What Are Soap Nuts?
Soap nuts are known throughout the world by many different names. Some include soapberries, soap nut shells, wash shells, soapberry nut husk, Chinese soapberry and much more. These nuts are the husks, or dried up shells, of soapberries. Just as other nuts do, soap nuts grow from a unique species of tree. Native to many areas in India and Nepal, soap nuts contain a chemical substance called saponin.
Saponin is commonly found in various plant species. In soap nuts, saponin causes the nuts to produce a soaping effect, making them a natural detergent. When you combine soap nuts with water, the released saponin produces a lather gentle to the skin. The saponin in soap nuts are 100% natural and can be used to replace many chemically altered, toxic household soap products.
What Can You Use Soap Nuts For?
As common-day humans, the use of soap and sanitizers is a lifestyle occurrence. We shower with soap, wash our hands, clean our dishes, wash our clothes and more. Anything you do right now that involves the use of soap or sudsy products can be replaced with the use of soap nuts instead.
Soap nuts are most commonly used for laundry. While you can simply throw some nuts into your laundry loads and let them work their magic, many HE and more modern washing machines won’t be very happy with you.
If you decide to just throw the nuts in, then you’ll want to use anywhere from 1 to 6 soap nuts per wash. This is dependent on your washing temperature. And better yet, these organic nuts are reusable. Simple give them a squeeze after each wash to check for a sudsy effect and toss them into your next wash.
However, if you prefer to make a simple liquid laundry detergent at home from these handy nuts of ours. We prefer to use the recipe found on The EcoFriendly Family’s website. Of course, when you want to add some fragrance to the detergent, simply wait for it to cool and add a few drops of your favorite essential oil.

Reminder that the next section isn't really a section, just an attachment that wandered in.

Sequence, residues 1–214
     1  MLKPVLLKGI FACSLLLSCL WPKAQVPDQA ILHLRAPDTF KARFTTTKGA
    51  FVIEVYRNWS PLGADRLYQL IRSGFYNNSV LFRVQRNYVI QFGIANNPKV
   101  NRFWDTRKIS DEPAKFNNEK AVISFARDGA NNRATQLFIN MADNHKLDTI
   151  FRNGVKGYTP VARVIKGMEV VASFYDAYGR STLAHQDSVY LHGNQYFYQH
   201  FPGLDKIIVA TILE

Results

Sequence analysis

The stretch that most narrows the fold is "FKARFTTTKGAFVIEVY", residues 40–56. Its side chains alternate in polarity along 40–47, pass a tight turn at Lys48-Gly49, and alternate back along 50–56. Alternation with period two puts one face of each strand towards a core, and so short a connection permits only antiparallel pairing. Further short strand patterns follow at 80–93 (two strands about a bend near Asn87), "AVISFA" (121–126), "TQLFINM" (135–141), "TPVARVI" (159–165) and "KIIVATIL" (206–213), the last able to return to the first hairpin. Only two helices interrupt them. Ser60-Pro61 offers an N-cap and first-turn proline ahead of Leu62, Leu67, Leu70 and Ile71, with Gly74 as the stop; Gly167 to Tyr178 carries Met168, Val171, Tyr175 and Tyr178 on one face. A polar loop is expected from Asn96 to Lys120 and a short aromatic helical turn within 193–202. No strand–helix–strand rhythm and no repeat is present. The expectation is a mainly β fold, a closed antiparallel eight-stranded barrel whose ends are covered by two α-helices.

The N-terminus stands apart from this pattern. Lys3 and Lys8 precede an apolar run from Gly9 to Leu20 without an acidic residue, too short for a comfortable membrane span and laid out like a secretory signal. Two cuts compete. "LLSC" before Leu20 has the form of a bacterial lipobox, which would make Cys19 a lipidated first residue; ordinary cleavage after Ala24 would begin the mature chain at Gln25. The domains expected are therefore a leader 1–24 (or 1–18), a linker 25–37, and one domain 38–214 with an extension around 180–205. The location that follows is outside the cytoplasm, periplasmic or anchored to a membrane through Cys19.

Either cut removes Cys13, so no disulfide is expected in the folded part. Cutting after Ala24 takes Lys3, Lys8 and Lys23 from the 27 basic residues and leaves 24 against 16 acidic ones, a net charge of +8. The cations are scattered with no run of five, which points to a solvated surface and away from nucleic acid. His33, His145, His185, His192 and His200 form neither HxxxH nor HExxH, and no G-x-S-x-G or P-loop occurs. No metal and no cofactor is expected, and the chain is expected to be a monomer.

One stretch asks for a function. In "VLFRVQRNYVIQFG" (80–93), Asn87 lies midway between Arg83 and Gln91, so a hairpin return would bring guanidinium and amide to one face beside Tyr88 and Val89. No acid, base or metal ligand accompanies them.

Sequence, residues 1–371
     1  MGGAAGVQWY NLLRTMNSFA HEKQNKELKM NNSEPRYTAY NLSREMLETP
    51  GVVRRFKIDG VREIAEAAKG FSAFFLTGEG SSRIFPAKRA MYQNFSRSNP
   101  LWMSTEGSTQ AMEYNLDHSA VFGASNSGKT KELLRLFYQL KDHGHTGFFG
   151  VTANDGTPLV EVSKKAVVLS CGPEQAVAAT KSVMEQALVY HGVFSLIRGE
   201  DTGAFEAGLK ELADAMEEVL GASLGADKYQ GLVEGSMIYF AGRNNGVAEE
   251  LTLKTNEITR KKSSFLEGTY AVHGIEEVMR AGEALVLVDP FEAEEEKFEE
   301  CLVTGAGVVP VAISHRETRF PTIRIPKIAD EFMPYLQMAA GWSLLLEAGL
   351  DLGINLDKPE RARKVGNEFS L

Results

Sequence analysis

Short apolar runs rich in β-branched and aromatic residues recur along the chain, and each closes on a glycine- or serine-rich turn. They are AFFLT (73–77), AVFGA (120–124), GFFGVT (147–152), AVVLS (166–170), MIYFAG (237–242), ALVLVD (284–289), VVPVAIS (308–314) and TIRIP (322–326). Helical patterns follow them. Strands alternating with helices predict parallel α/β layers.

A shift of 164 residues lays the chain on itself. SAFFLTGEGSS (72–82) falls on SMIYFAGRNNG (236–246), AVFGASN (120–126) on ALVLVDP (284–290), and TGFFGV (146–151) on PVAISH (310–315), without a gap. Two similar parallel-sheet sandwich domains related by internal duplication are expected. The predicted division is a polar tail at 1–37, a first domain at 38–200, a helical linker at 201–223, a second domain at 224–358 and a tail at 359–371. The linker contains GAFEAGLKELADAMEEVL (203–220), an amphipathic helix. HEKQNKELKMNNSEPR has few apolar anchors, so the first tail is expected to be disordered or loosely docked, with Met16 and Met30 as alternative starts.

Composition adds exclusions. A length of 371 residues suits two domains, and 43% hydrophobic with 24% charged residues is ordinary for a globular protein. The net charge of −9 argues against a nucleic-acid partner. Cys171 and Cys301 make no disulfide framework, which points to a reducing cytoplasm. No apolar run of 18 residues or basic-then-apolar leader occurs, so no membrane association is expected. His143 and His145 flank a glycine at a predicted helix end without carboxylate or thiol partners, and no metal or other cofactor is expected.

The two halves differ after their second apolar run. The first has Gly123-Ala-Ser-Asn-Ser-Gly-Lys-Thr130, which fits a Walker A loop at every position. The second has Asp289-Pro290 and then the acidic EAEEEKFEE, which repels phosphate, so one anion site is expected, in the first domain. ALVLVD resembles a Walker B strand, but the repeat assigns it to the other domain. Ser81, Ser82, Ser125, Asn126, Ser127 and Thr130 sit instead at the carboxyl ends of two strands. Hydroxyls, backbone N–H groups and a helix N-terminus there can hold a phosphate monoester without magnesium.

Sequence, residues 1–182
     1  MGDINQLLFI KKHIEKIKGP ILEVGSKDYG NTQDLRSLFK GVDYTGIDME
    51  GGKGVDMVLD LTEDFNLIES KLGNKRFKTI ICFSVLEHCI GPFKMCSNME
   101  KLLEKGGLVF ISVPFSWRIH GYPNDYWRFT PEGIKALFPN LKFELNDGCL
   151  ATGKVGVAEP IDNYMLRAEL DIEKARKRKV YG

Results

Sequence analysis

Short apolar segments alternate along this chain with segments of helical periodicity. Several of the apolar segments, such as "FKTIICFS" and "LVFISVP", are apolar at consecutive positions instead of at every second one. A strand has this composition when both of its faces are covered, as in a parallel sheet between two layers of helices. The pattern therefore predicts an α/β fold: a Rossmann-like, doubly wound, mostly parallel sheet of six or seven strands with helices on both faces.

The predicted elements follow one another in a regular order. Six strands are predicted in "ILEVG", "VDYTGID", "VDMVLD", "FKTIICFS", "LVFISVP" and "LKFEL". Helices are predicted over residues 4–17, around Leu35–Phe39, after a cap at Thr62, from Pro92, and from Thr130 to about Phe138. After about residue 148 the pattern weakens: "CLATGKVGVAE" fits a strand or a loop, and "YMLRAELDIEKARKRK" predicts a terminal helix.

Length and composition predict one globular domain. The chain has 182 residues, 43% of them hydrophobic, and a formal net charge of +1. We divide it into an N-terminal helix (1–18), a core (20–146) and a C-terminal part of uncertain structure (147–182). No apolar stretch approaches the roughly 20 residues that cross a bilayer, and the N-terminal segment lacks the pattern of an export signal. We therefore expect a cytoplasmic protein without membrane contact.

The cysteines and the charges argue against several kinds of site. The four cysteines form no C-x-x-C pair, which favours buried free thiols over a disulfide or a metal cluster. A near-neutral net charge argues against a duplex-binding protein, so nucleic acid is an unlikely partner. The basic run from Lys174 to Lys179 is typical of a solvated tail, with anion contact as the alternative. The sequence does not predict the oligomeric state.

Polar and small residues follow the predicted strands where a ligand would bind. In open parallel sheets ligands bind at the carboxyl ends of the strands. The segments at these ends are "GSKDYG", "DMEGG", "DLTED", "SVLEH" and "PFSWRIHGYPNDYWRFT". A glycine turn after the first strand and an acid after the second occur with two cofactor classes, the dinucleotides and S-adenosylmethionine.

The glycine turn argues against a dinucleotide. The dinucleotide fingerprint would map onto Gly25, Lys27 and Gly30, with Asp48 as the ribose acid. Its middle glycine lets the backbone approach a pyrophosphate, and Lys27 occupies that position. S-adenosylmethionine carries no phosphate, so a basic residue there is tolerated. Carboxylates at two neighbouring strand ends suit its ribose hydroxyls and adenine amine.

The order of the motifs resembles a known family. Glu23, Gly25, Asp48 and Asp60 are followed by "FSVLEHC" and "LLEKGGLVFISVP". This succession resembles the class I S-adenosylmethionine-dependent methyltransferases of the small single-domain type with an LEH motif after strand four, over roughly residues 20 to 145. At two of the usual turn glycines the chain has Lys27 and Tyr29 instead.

You can even use soap nuts in the kitchen. Since the soap produced by these nuts rinses quickly, you’ll find yourself done with the dishes in no time. If you use a dishwasher, you can simply drop a few nuts into the cutlery basket and run the cycle as normal.
There are also a number of recipes for dish detergents made with soap nuts. Most include a combination of baking soda or washing soda, borax, soap nut shavings. We have a list of awesome soap nut recipe resources at the end of this post, so if we’re boring you just scroll on down to the end.
Use soap nuts around the house to clean as you normally would. Combine the nuts with other natural ingredients, such as vinegar or essential oils, to create an all purpose cleaner. You’ll want to use the boiling instructions below to form a liquid from the nuts. Once that’s done, simply combine the solution with vinegar and a few drops of essential oil for the perfect all-purpose cleaner. Plus, you will be able to bottle it up and use for months of cleaning to come.
Easily clean off your car with some soap nuts solution added into your bucket of water. Depending on how soapy you want your water to be, you’ll typically find yourself using less soap than you normally would. Of course, there’s always time for a little fun with the extra suds too!